Wednesday, September 26, 2012

Eyes Wide Open

I had cataract surgery on my right eye August 8th. The vision was so good after the patch came off that I could read without reading glasses. I didn't throw them away.

The problem was, without a PROSE lens on that eye, my lack of tears meant I frequently had to lubricate the eye, and it was half-closed much of the time. I had to wait until I got the green light from my eye surgeon before getting a new lens.

My left eye will have its cataract removed on October 31, just in time for me to be a pirate for Halloween. I still wear the PROSE lens on that eye; it's just a little blurred.

Last week, I got the go-ahead for a new lens. Today I received it. I was so excited. Before I popped it in my eye, I thought, what if this doesn't fit or give me good vision? I'm not usually such a pessimist but I think you can understand why I'm hesitant to celebrate anything health-related.

The good news, make that great news, is that it feels fine and I have the vision of a fighter pilot. My vision is so well-corrected, I have to wear reading glasses again. I turned the apartment upside down searching for glasses. I have at least five pairs, three of which are in Jeffersonville. I couldn't find mine so I'm wearing an old pair of my husband's that I found in a drawer.

It's true. One day at a time.

Sunday, September 23, 2012

New Symptom

I finished my fifteenth and final radiation treatment Friday. I saw the doctor afterwords and mentioned that I'd been experiencing slight arrhythmia for the past week, off and on and at odd moments. I'll have several episodes in one day and have none for three. Marty's been taking my pulse at these moments, confirming that it's irregular and also rapid, around 100. My normal resting pulse is 72, sometimes lower. The only time I've experienced rapid heartbeat on its own was at the end of a run. Three years ago, the night before I was to be discharged from the hospital after my second transplant, I had rapid heartbeat (205 bpm) and arrhythmia together. Let's just say the crash cart was brought in and I was hooked up to every monitor there is and injected with a drug that made me feel like I was dropping into the abyss. I took a medication for a week and it never happened again.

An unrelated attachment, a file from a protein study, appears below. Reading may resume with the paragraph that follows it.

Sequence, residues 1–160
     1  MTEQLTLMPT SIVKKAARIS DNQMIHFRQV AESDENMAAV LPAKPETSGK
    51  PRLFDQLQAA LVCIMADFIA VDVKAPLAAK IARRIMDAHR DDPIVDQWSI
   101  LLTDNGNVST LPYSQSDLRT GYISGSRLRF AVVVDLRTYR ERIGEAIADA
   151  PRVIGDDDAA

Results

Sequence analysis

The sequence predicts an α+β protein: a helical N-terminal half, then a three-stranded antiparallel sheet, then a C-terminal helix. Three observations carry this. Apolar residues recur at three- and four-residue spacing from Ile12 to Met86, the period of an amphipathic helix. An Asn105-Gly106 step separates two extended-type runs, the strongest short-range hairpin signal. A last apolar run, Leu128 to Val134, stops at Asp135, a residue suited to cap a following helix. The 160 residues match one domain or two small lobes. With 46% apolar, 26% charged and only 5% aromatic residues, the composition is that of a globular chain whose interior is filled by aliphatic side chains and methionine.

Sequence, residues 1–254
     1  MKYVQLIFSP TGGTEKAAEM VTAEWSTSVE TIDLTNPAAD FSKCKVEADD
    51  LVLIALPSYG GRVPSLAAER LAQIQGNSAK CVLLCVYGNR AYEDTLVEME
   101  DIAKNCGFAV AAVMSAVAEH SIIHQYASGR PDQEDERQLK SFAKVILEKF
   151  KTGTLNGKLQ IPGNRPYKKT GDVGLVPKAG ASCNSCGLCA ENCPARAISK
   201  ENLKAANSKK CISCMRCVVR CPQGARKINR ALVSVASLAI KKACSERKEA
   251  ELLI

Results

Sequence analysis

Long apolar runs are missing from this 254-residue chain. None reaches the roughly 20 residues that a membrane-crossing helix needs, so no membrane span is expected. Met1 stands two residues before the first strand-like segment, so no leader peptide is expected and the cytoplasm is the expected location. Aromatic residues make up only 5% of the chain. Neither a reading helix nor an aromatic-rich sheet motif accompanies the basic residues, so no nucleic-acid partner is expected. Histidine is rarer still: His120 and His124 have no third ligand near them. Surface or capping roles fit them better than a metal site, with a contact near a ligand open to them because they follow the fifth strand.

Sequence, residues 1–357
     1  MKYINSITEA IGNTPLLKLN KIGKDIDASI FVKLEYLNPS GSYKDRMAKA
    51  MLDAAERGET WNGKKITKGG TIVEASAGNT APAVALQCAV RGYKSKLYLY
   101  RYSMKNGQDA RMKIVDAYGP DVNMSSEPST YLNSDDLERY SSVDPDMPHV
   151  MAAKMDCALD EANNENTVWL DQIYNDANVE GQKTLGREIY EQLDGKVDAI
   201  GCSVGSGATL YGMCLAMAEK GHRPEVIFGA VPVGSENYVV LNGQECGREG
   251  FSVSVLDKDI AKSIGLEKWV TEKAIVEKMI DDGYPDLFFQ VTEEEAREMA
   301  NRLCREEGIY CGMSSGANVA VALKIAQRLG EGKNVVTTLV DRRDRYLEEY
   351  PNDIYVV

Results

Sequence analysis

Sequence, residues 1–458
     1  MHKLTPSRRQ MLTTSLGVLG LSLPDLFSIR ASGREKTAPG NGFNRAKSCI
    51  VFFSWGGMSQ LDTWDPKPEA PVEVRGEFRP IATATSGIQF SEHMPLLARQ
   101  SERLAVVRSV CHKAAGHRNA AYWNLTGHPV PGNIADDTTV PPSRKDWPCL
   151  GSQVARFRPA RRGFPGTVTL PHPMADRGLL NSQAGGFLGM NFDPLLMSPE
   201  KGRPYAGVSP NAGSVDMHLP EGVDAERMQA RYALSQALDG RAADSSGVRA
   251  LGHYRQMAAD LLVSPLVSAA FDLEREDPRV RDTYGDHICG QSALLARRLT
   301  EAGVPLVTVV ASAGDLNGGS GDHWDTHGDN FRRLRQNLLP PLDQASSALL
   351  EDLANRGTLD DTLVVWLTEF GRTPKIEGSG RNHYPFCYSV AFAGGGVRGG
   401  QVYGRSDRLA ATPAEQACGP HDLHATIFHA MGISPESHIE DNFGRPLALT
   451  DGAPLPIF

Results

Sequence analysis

The doctor said I should quit drinking coffee (ain't gonna happen) that if it continues, I should see a cardiologist. It happened last night, briefly.

I don't think cardiac arrest is in my near future, but I'd hate to survive leukemia and have my heart fail. You can be sure I'll be seeing a cardiologist, just one more doctor to add to my extensive cadre of specialists.

Friday, September 14, 2012

If I have one life to live ...

... let me live it as a brunette.

Yesterday was filled with appointments. After an early yoga class, I came home and had breakfast with Marty, then we were off to MSKCC for my appointment with Dr. Girault. My blood work was normal, and no meds were changed due to my leukemia cutis. The bump is getting smaller but is not yet gone. I'm scheduled for three additional radiation sessions next week, and I begin Vidaza shots October 8th.

I took the bus to my hair salon. I'd decided I needed a change. My blonde highlights were becoming too blond and I was sick of them. After discussing options with my stylist, I decided on a rich chocolate brown with red overtones. I look really different. When I came home, Marty actually noticed that my hair was changed. Usually he doesn't know when I get a cut or color.